fbpx Mental Health Awareness Week 2023 - Leeds Mencap

Mental Health Awareness Week 2023

  • By Abi Hart
  • 15th May 2023

The 15th May to 21st May is Mental Health Awareness Week. It is important to understand that mental health issues and learning disabilities are not the same thing, as they are often confused for one another. Whilst learning disabilities and mental health are not the same, people with learning disabilities statistically much more likely to suffer from mental health issues, so it is important to raise awareness about this.

What is mental health awareness week?

Beginning in 2001, Mental Health Awareness Week is a yearly awareness day that provides the opportunity for the whole of the UK to focus on mental health. After years of being ignored and hidden away, Mental Health Awareness Week brings mental health back to the spotlight of public life and aims to tackle stigma by helping people understand and prioritise mental health of everyone.

The theme of this year’s Mental Health Awareness week is Anxiety and what can be done to prevent it. In previous years, Mental Health Awareness Week focused on different topics such as loneliness, nature, kindness, and body image.

Mental Health problems and learning disabilities, what’s the difference?

A mental health problem is a term used to cover a range of emotional, psychological, or psychiatric distress experienced by people. Mental health issues can effect anyone and mental health issues can often be improved through treatment. In comparison, a learning disability is a reduced intellectual difficulty with everyday activities which affects someone for their whole life.

People with a learning disability do not always have mental health problems. However, they are more likely to have mental health problems, compared to people without a learning disability.

Mental health problems among people with a learning disability, an overlooked issue

People with a learning disability are experiencing higher prevalence of mental health problems. However, due to poor understanding, awareness, evidence in this area and symptoms mistakenly attributed to the person’s learning disability and mental health problems among people with a learning disability remains an overlooked issue.

Data has shown that people with lower intellectual ability have high rates of symptoms of common mental health problems (25%), about 10 percent higher than people with an average intellectual functioning.[1]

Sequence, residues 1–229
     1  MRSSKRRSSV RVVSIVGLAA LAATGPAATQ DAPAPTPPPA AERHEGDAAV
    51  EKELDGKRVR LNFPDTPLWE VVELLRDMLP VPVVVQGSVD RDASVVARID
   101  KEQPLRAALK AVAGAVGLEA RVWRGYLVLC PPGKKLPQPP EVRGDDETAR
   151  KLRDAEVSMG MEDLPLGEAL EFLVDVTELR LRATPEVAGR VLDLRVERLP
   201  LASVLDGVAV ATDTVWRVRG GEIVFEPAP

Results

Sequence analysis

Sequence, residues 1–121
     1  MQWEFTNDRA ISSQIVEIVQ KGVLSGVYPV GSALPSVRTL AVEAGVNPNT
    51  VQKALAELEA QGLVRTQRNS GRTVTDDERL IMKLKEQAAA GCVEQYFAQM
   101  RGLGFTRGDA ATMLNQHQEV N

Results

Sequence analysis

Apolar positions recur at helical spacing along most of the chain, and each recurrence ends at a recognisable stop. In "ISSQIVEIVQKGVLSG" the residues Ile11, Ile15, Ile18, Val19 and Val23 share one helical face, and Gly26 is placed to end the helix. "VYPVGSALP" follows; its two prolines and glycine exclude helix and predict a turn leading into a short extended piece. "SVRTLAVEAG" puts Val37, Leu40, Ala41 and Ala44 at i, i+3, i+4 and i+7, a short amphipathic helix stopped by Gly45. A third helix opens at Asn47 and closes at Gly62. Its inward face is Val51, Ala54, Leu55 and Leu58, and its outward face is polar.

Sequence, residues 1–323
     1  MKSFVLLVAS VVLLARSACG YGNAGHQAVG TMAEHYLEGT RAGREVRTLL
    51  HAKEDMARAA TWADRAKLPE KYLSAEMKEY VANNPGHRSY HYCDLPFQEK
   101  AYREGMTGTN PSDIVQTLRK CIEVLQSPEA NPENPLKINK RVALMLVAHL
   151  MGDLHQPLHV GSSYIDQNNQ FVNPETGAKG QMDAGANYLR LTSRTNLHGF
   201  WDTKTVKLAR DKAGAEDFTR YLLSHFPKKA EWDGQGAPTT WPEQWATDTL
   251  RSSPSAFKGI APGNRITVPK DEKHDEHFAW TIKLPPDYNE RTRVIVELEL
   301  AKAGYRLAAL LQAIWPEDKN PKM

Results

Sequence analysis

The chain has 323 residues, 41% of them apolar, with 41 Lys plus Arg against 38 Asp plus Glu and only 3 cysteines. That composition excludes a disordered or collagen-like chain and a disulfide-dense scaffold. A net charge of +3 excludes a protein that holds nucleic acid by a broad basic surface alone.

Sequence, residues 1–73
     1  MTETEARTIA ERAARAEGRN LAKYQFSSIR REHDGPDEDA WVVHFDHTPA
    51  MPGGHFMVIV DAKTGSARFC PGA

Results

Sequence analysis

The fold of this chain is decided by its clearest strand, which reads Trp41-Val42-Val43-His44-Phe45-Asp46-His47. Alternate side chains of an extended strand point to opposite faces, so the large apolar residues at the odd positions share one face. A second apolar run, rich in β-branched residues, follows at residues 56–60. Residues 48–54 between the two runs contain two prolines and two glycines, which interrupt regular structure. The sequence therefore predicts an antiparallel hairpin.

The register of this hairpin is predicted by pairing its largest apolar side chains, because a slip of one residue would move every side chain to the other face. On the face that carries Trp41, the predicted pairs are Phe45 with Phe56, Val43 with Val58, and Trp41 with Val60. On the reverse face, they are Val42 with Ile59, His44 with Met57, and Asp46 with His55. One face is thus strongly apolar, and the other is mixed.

One study found that 54% of people with a learning disability have a mental health problem.[2]

Children with learning disabilities are 4.5 times more likely to have a mental health problem than children without a learning disability.[3]

Why are people with learning disabilities more likely to suffer from mental health problems?

Lots of different reasons have been suggested to explain why people with a learning disability are more vulnerable to mental health problems. These include the fact that people with a learning disability are more likely to experience deprivation, poverty, and other adverse life events earlier on in life, an increased risk of social exclusion and loneliness and other people’s negative attitudes towards people with a learning disability.

A major barrier to diagnosing mental health problems in people with a learning disability is that symptoms shown by someone with a learning disability might be seen as behaviour related to their learning disability instead of the real problem – the mental health problem.

How can we help?

There are lots of different techniques that are used to treat mental health problems and these include cognitive behavioural therapy, talking therapy, psychodynamic therapy and medication.

Here at Leeds Mencap, we are on hand to provide support for young people and their families as they navigate their journey with learning disabilities. Our friendly family support service can offer one to one practical advice and emotional support. You can get in touch with them by emailing info@leedsmencap.org.uk or by calling 0113 235 1331.

It is important to remember that Leeds Mencap are not mental health professionals, so if you are looking for support with your mental health please use the sources below:

Leeds Mind- Has information regarding a range of mental health services across Leeds- https://www.leedsmind.org.uk/

Mindwell- Has information and resources about mental health for adults across Leeds https://www.mindwell-leeds.org.uk/

Mindmate has information about child mental health support in Leeds-https://www.mindmate.org.uk/im-a-professional/services-leeds-young-people/

Mind has resources and links for people with learning disabilities who are struggling with their mental health-https://www.mind.org.uk/information-support/guides-to-support-and-services/learning-disability-support/

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